The shelves are finished. My poetry is now single-layer, with all books visible. Though I know there are still more book in various nooks and crannies and boxes in my apartment. There are now empty shelves elsewhere to be filled and to be figured out. And I realized that although I have a filing cabinet, I do not have a drawer for my current writing projects. Given that I'm a writer, that's pretty stupid. It sure does feel library-like in my living room now. I like it.
Wanted to go to the Hugh Thomas reading at Test last night, but my noggin was throbbin'. Did make it to Mark Truscott's reading the night before at Oakham House at Ryerson. A few people did short sets before Mark took the invisible podium. I didn't catch the first reader, but I caught the final (long) poem by Jordan Scott. It was excellent: played with language but had real human elements to it, too. Angela Rawlings read some new stuff: one was a piece that centred on pronouns, sort of R.D. Laingy. I was aching for some narrative on Tuesday — I bought a book of poetry by Marty Gervais at This Ain't the quench that, in fact — and the narrative seemed to lie in Angela's intonation.
That series is a funny thing, because the room is packed with students taking notes. I'm not sure if readers are prepped to be explanatory, but everyone seemed to do a lot of explaining. Especially the main event. Mark read some stuff from Said Like Reeds or Things
, plus some older poems that were eventually distilled into the SLRoT
content, and some newer poems. I'm intrigued by his work: its brevity, its precision, its fascination with bad grammar. He's also very funny. But the poems themselves seemed to sometimes get lost between the explanations. I would have preferred one of two things: a) if Mark read all his poems twice, à la Simon Pettet or Marshall Hyrciuk, though Mark's a modest fellow and that might have felt pretentious for him, or self-important; or b) if Mark showed his poems silently on a screen via overhead projector, and allowed us to see them on the field of a page, read them silently to ourselves, mull them over a bit — this would have provided a nice contrast to the verbal explanations. I think his poems really grow in silence.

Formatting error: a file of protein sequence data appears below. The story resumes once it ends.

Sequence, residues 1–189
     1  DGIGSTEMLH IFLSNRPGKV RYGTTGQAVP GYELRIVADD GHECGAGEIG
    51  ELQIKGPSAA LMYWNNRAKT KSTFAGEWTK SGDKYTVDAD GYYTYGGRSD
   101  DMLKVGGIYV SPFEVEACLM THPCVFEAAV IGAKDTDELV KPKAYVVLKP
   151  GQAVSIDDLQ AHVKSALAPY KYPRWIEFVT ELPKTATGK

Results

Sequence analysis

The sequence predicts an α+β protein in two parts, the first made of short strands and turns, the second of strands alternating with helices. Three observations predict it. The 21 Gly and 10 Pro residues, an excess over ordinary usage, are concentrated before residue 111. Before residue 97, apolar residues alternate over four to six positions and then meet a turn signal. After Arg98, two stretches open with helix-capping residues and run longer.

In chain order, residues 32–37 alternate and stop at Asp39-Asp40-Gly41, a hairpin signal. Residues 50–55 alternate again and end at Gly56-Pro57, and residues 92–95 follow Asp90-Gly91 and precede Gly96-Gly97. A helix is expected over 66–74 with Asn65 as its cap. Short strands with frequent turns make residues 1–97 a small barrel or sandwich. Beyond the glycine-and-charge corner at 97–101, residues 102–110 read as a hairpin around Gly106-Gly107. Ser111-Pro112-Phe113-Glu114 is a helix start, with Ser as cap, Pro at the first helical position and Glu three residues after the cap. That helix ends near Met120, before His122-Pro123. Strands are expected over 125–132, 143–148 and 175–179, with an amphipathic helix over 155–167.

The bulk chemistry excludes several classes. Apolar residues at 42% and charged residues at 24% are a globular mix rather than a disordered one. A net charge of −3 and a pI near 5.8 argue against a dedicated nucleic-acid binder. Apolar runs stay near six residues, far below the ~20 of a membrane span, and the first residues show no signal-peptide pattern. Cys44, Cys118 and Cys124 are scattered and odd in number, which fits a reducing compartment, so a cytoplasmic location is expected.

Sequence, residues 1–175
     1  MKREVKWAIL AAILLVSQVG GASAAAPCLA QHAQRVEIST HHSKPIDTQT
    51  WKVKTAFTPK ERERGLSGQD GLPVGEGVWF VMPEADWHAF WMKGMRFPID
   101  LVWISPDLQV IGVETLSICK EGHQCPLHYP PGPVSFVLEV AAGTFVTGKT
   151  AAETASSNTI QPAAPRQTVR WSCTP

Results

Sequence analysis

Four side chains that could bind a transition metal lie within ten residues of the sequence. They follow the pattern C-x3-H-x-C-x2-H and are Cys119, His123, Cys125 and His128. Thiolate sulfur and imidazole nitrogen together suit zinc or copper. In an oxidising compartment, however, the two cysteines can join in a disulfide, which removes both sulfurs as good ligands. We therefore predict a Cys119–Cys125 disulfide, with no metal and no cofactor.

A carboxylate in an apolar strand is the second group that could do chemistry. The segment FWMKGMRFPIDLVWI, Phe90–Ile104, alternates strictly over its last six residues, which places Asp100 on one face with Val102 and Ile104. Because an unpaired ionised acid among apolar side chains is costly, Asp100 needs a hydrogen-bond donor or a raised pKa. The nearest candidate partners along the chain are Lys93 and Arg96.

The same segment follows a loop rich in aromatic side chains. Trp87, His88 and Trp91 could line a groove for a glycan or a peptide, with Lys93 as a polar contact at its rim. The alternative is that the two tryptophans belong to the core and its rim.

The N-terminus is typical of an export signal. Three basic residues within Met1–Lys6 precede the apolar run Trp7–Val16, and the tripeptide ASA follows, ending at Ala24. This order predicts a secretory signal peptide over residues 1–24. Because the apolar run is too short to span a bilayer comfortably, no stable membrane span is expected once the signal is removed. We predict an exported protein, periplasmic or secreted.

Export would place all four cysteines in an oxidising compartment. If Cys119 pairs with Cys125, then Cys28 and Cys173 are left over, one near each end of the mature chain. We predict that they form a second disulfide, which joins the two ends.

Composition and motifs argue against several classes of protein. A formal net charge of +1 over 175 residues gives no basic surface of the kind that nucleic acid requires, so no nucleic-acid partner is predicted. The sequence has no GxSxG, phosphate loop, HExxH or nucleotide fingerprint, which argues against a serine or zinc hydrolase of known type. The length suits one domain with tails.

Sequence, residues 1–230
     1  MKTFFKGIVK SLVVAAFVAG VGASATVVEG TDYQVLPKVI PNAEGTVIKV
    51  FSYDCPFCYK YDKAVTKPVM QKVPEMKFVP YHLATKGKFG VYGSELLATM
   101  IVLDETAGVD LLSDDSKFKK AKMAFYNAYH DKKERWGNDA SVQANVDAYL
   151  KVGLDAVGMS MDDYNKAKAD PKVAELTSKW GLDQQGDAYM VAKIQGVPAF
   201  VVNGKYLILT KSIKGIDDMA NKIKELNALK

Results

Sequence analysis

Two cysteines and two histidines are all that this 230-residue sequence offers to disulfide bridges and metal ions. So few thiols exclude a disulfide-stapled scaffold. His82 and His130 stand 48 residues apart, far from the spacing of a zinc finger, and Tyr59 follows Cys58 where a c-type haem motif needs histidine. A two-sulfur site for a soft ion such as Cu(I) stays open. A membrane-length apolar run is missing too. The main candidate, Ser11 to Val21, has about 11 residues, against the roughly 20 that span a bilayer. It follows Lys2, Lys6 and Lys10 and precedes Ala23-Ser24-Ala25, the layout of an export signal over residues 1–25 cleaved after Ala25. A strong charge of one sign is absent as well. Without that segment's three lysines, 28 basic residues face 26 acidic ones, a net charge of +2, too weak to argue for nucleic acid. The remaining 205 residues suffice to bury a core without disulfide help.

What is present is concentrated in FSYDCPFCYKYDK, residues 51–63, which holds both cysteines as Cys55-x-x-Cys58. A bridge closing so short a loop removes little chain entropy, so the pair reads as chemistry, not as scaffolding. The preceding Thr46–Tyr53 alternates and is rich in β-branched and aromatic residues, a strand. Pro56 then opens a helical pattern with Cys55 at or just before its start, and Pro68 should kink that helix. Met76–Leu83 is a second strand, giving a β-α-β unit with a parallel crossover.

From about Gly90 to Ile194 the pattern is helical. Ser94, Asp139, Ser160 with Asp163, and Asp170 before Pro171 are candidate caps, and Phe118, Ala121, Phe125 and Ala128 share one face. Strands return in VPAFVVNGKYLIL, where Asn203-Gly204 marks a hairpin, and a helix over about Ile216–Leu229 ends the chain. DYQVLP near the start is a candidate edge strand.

Side note on the Marty Gervais book, Wait for Me
. I've read about half of it now. I like the straightforwardness of it, I like much of the humour. Those poems could have been written in the 1970s as easily as now, but that didn't bother me. It felt really relaxing to read very literal narrative poems. His stuff brings to mind the poetry of Michael Dennis, though Michael gets a little edgier sometimes.
In other news, some things finished:
• the Ron Padgett book of collaborations that I'm publishing: ready to go to press
• my poetry manuscript for I Cut My Finger
: fired it off to Brian at Anvil yesterday afternoon
• the literary section for the March/April issue of This Magazine
: poems by Paul Vermeersch and Gary Barwin, and a short story by Maria Smythe, of Calgary
The McFadden Selected is coming down the home stretch. It has been a huge task, both for me and for David. Going to be a beautiful book. The young bucks would do well to read some Dave if they're not already doing that.
Over and out.